I started brewing in the mid 70's when life in the home brewery was much simpler - three pounds of malt extract, three pounds of corn sugar, five gallons of water, and a pack of dry lager yeast. I still have my copy of Leigh P. Beadle's Brew It Yourself which was written in 1971 and reprinted in 1973. I stopped brewing in the early 80's when my job with a large aerospace company began to require a lot of travel and my schedule became unpredictable. When I retired in 2000 getting back into brewing was one of my priorities but I didn't get started until late 2003, soon after my son-in-law brought me a sample of his homebrew. One taste and I was hooked! The new materials and processes produced real beer! More photos in the Gallery.
I use what is called a Recirculating Infusion Mash System (RIMS). Basically, a measured amount of heated water is circulated through a bed of grain to extract the sugars. The water/sugar mixture is drawn off the bottom of the mash container (called a "tun"), routed through a heater and returned to the top, starting the cycle all over again. The time and temperature over which this process continues differs by recipe but is usually somewhere between 60 to 90 minutes and 152 to 156 degrees Fahrenheit.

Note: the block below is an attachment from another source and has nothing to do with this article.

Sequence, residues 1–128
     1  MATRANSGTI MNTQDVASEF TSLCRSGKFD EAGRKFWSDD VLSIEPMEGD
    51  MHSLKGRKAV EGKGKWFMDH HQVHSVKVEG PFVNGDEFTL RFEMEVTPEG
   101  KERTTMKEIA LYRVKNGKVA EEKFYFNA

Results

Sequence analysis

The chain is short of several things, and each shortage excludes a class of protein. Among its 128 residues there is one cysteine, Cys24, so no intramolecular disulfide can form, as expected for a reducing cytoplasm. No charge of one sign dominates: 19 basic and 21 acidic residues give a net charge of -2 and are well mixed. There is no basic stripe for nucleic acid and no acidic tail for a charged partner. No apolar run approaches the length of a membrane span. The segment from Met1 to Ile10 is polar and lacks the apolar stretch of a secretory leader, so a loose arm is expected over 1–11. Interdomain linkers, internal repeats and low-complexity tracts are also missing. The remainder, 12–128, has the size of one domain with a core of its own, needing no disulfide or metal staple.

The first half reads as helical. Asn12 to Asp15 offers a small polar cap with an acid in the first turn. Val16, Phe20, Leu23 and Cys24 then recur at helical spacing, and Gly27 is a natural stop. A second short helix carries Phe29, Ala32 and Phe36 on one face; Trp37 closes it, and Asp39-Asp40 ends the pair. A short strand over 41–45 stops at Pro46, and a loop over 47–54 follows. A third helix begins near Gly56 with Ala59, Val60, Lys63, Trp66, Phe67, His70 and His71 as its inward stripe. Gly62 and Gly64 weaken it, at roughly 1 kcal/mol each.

See the annotated photo to the left for the location of the various components.
My "brew day" actually starts the night before. I check the recipe against my inventory to make sure I have all the needed material. The RIMS heating chamber and circulating pump are thoroughly cleaned. The grain bill for the recipe to be brewed, usually about 11 pounds for a 5 gallon batch,